The government announced on the 19th that an expert inspection team will visit Japan from the 21st to the 26th to “check the status of polluted water management” at Tokyo Electric Power’s No. 1 nuclear power plant in Fukushima, Japan. The inspection team does not bring its own inspection equipment to Japan, and does not separately collect samples such as contaminated water. It is highly likely that the level of checking with the eyes on the site and requesting necessary data from the Japanese side is high, so concerns that it will be abused as a ‘sidekick’ to give legitimacy to the Japanese government’s discharge of contaminated water are not expected to subside.
Park Gu-yeon, first deputy head of the Office for Government Policy Coordination, held a press conference at the Seoul Government Complex on the same day, and a total of 21 people, including 19 experts on nuclear power plants and radiation from the Korea Institute of Nuclear Safety and Technology ( KINS ) and one expert on radiation in the marine environment from the Korea Institute of Ocean Science and Technology ( KIOST ), attended. It was announced that the ‘expert inspection team’ will depart for Japan on the 21st. Yu Gook-hee, chairman of the Nuclear Safety and Security Commission, serves as the inspection leader.
The inspection team visits Japan for 5 nights and 6 days, but the actual activity is four days between the 22nd and 25th. On the 22nd, a technical meeting and Q&A were held with related organizations such as Tokyo Electric Power Corporation and the Japan Nuclear Regulatory Commission, and on the 23rd and 24th, the status of contaminated water management at the Fukushima Daiichi Nuclear Power Plant was confirmed. On the 25th, an in-depth technical meeting and Q&A will be held with related organizations in Japan. Regarding the management of ‘nuclear contaminated water’토토사이트, which is the core of this visit, Deputy Director Park said, “We are planning to look at the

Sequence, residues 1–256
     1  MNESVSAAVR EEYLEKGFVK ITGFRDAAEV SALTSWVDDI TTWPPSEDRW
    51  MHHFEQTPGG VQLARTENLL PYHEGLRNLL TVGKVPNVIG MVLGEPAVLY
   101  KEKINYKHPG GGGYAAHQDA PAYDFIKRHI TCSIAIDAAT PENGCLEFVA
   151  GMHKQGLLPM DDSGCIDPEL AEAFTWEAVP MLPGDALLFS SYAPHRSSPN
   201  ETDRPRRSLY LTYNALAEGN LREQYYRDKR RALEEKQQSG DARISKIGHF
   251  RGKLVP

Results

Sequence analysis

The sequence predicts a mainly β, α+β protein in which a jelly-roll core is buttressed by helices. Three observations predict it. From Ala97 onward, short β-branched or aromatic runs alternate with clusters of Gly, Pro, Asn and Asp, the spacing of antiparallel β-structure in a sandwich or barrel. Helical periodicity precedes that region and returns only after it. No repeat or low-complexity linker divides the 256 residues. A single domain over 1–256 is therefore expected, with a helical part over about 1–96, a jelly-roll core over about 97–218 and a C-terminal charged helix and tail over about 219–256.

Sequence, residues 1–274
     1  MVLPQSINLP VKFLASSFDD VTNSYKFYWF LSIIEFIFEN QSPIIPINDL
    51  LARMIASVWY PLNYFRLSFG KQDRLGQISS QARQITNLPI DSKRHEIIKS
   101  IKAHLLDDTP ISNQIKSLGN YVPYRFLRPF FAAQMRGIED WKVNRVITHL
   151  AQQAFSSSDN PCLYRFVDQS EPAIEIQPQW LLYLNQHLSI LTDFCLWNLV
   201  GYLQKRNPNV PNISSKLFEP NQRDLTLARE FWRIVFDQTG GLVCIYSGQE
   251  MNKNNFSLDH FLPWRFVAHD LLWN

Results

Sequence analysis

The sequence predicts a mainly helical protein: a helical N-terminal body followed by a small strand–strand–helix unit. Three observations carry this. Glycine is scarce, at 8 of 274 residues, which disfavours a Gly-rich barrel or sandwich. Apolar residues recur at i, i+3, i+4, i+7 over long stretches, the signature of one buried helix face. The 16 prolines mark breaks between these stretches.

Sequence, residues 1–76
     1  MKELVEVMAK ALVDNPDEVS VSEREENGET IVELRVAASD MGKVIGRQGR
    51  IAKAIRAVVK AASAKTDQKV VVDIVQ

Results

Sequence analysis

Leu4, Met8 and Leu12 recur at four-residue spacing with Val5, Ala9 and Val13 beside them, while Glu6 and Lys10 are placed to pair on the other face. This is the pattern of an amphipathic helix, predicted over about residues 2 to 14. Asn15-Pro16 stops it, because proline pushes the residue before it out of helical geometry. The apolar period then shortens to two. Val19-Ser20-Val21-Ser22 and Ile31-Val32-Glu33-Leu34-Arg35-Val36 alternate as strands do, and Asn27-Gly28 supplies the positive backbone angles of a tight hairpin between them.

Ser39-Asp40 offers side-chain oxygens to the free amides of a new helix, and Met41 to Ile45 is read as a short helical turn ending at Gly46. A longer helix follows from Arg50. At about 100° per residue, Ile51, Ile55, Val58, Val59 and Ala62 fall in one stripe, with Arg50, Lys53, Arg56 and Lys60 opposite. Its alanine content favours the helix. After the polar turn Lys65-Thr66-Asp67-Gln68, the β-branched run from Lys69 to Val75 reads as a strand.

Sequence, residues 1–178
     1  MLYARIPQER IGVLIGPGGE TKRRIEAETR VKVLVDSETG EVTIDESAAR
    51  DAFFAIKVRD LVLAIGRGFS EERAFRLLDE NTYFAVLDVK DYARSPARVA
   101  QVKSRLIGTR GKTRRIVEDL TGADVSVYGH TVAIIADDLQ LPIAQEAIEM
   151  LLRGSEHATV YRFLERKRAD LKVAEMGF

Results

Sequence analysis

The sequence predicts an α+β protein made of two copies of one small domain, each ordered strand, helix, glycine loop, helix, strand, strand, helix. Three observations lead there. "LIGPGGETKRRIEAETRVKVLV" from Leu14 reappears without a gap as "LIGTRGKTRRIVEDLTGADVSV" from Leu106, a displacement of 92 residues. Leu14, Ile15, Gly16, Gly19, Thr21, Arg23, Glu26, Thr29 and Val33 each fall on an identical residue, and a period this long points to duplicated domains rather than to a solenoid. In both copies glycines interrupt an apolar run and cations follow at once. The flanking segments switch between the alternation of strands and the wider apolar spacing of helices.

multi-nuclide removal facility ( ALPS ) most intensively and intensively.” We will ask for sufficient information,” he said.
However, few conditions have been met to determine whether contaminated water is safe. First of all, there was no site visit by private experts necessary to secure social consensus on the results of the site visit by the inspection team. Japan refused to participate in the private sector. The ‘Pacific Islands Forum’ ( PIF ) , a gathering of 18 Pacific Island countries, falls short of the precedent of accompanying private experts such as the United States during a site visit to the Fukushima Daiichi Nuclear Power Plant in February. Immediately after the site inspection, the Pacific Islands Forum requested the Japanese government to postpone the release, saying, “It is not enough to judge the safety of the release to the sea.”
As if conscious of this, Deputy Director Park said, “We plan to separately organize and operate an advisory group of around 10 people, including private experts.”
They do not bring in their own inspection equipment and do not collect on-site samples. Chairman Yoo Kook-hee said, “There is nothing that needs to be checked and checked with our equipment.” Regarding the samples, he said, “The International Atomic Energy Agency ( IAEA ) collected samples related to contaminated water last year and samples (environmental samples) off the coast of the Fukushima nuclear power plant, and requested cross-analysis to four countries, including Korea (Nuclear Safety Technology Institute), and the samples have already been I have it,” he said. Chairman Yoo added, “The result of the analysis of the contaminated water sample has already been notified to the International Atomic Energy Agency, and the environmental sample is being analyzed.”
This limitation was foreseen when President Yoon Seok-yeol announced on the 7th that after a meeting with Japanese Prime Minister Fumio Kishida, he had agreed to dispatch an “inspection team” rather than an on-site “verification team.”
Jang Ma-ri, a Greenpeace campaigner, said, “The treatment capacity of the multi-nuclide removal facility and the biological impact on the ecosystem of the discharged contaminated water must be verified, but this cannot be done by just looking at the facility without proper data.” “The inspection results to be announced by the government I am skeptical whether it will be at a level that will satisfy the public.”
Deputy Director Park said, “The International Atomic Energy Agency will announce the final verification results (related to Japan’s plan to discharge contaminated water from Fukushima) at the end of June.” said.
Japan’s contaminated water is contained in more than 1,060 giant tanks installed at the site of the Fukushima Daiichi Nuclear Power Plant, and the Japanese government plans to discharge it into the sea over 30 to 40 years, starting this summer at the earliest.